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Governor mistakes business move for price misbehavior

Bob Tippee
Editor

The governor of Connecticut has found yet another way for Americans to think self-destructively about energy.

Republican M. Jodi Rell has asked US congressional leaders to investigate Chesapeake Energy Corp. for "possible manipulation of the price of natural gas."

Earlier this month, with gas prices falling, Chesapeake said it would cut gross production by 200 MMcfd and trim its drilling program by yearend to 140-145 rigs from 155-160 (OGJ, Sept. 17, 2007, p. 100).

"This practice, if true, is an unconscionable fleecing of US citizens by natural gas suppliers who 'elect' to reduce production in order to drive up prices paid by their captive customers," Rell railed in a letter to Senate and House committees.

She should be cheering, not griping. Thanks to several years of active drilling, gas production this year is ahead of last year's level. Working gas in inventory is at the top of the 5-year range as the heating season approaches. Prices have subsided.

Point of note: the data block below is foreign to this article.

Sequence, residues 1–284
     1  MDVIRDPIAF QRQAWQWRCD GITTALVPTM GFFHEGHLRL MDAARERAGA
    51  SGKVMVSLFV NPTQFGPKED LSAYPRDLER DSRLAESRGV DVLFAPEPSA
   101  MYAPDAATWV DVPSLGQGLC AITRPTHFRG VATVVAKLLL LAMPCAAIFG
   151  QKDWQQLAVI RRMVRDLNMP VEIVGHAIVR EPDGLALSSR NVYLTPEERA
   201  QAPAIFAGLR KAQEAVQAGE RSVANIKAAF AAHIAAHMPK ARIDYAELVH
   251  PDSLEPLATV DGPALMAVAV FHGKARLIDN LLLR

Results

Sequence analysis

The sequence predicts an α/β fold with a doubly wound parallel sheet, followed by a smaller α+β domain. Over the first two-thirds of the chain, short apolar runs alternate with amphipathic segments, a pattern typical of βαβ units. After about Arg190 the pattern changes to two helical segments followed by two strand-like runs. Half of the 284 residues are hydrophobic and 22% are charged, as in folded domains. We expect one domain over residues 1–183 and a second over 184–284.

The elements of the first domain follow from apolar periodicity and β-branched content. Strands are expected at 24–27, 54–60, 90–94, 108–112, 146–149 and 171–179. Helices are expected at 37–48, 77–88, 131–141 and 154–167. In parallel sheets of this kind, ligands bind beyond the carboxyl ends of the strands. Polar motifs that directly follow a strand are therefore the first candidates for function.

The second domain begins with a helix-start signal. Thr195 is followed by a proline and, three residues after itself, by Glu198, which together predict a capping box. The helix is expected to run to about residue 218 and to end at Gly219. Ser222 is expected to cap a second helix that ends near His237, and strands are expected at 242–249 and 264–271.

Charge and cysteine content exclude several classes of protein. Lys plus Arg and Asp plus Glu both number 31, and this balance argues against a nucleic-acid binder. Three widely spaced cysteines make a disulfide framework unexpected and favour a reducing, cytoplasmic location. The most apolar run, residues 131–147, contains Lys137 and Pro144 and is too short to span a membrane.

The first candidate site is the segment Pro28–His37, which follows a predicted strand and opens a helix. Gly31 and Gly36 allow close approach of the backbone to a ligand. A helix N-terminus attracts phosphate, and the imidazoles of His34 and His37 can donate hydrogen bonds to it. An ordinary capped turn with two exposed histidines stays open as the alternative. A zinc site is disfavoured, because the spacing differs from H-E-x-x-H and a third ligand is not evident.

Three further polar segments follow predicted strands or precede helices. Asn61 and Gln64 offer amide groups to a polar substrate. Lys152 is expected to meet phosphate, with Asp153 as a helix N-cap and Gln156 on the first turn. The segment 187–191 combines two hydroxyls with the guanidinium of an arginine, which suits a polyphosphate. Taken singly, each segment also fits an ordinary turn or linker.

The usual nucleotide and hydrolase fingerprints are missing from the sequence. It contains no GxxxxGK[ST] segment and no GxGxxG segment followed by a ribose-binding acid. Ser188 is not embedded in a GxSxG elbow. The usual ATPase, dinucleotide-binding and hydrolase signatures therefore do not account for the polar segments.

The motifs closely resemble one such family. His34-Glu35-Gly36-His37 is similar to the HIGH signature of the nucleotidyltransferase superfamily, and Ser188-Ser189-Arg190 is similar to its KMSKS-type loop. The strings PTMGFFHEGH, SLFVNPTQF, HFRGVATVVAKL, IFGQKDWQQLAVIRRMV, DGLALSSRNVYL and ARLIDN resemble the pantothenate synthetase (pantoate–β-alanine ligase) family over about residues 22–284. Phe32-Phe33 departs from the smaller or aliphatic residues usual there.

So Chesapeake made a business decision to ease an aggressive program. The affected production represents 0.3% of total US gas output, hardly enough to influence prices.

To Rell, it's "an outrage." She sounds like a Democrat.

Commendably, Chesapeake Chairman and Chief Executive Officer Aubrey McClendon called statements in the Rell rant "incorrect and reckless" and asked for an apology.

It's a sound request. Rell's accusations are as serious as they are groundless.

They cast Chesapeake, one of the country's busiest explorers for and producers of natural gas, in a sinister light it doesn't deserve. And they exploit a good-faith disclosure by the company for base political purposes.

In response to McClendon's call for an apology, the best Rell's press office could do was try to make a shin-kick sound like a handshake.

"I think we're going to have to agree to disagree," said spokesman Rich Harris.

At least Rell, who wants to replace 20% of the oil and gas used in Connecticut with alternative energy by 2020, acknowledges the link between production and prices. She should remember it the next time someone proposes federal oil and gas leasing off the East Coast.

(Online Sept. 21, 2007; author's e-mail: bobt@ogjonline.com)


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